The drug?s safety and effectiveness were established in a clinical study of 1,195 patients with late-stage castration-resistant prostate cancer who had received prior treatment with docetaxel chemotherapy. Patients received either abiraterone acetate once daily in combination with prednisone two times a day or a placebo twice daily in combination with prednisone.
“In this Phase III study, treatment with abiraterone acetate plus prednisone showed a significant increase in median survival compared with placebo plus prednisone,” said Professor Johann S. de Bono, MD, FRCP, MSc, PhD, The Institute of Cancer Research, The Royal Marsden NHS Foundation Trust, and one of the co-lead investigators for the Phase III clinical study. “It’s an exciting time for men with prostate cancer, and I believe that abiraterone acetate will play an essential role in clinical practice.”
The study was designed to measure overall survival, the length of time from when the treatment started until a patient’s death. In this trial patients were randomized 2:1 to receive abiraterone acetate 1 gram daily in combination with prednisone 5 milligrams (mg) twice daily or placebo in combination with prednisone 5 mg twice daily (control arm).
Results of the pivotal Phase III, randomized, placebo-controlled, multicenter study showed that at pre-specified interim analysis, treatment with abiraterone acetate in combination with prednisone resulted in a 35% reduction in the risk of death (14.8 months vs. 10.9 months [hazard ratio (HR) = 0.646; 95% CI: 0.543, 0.768; p<0.0001]) and a 3.9 month difference in median survival compared to placebo plus prednisone. In an updated analysis, results were consistent with those from the interim analysis with a 4.6 month difference between the two arms in median survival (15.8 months vs. 11.2 months [HR = 0.74]).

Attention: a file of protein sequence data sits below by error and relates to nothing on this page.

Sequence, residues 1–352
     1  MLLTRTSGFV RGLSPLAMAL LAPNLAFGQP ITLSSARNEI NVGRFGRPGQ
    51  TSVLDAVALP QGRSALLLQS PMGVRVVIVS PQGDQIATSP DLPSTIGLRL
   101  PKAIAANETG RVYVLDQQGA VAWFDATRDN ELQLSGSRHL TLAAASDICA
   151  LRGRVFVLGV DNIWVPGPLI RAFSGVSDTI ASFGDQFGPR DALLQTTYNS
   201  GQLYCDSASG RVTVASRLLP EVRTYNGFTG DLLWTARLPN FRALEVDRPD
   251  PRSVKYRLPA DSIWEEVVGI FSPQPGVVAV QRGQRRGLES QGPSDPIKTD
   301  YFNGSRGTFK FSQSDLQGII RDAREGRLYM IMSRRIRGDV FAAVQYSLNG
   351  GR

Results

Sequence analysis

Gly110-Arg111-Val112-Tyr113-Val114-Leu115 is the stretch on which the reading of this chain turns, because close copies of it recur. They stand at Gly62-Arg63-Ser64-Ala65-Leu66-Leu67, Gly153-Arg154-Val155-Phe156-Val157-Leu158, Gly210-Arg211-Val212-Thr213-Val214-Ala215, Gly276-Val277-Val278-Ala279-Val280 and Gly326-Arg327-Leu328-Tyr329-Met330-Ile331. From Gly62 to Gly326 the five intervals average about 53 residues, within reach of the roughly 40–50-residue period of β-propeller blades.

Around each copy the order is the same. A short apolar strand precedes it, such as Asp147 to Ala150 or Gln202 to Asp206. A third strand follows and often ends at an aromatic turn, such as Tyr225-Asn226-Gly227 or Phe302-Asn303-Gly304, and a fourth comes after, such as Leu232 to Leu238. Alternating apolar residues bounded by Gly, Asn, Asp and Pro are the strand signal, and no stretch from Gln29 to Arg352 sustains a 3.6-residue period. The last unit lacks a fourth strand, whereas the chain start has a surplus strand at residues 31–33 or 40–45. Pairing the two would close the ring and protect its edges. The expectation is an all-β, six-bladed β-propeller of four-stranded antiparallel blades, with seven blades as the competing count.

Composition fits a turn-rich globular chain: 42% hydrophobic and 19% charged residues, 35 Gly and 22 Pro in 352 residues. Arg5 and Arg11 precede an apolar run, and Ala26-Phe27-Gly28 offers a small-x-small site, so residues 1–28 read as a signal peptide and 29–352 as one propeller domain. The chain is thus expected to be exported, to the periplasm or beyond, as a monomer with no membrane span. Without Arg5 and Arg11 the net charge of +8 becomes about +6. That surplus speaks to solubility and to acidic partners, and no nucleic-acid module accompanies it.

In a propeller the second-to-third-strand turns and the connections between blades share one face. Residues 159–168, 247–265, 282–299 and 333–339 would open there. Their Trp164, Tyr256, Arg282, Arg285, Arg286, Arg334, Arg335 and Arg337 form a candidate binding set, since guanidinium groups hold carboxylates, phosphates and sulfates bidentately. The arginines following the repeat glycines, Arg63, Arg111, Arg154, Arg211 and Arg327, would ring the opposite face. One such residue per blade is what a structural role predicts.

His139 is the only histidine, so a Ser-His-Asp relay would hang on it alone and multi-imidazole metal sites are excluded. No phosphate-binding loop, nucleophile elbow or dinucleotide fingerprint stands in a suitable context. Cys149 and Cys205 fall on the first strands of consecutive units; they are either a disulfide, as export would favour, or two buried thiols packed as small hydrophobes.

The most commonly reported side effects in patients receiving abiraterone acetate included joint swelling or discomfort, low levels of potassium in the blood, fluid retention (usually of the legs and feet), muscle discomfort, hot flashes, diarrhea, urinary tract infection, cough, high blood pressure, heartbeat disorders, urinary frequency, increased nighttime urination, upset stomach or indigestion and upper respiratory tract infection.
At a predetermined number of events in the study, an interim analysis was conducted and it was determined that efficacy had been demonstrated. At that time, the study was unblinded at the recommendation of the Independent Data Monitoring Committee.
Abiraterone acetate was developed by Ortho Biotech Oncology Research & Development, a Unit of Cougar Biotechnology, Inc., and will be marketed by Centocor Ortho Biotech Inc. Marketing applications for abiraterone acetate have been filed with other regulatory authorities throughout the world.
For more information:
FDA: Office of Oncology Drug Products
FDA: Approved Drugs: Questions and Answers
NCI: Prostate Cancer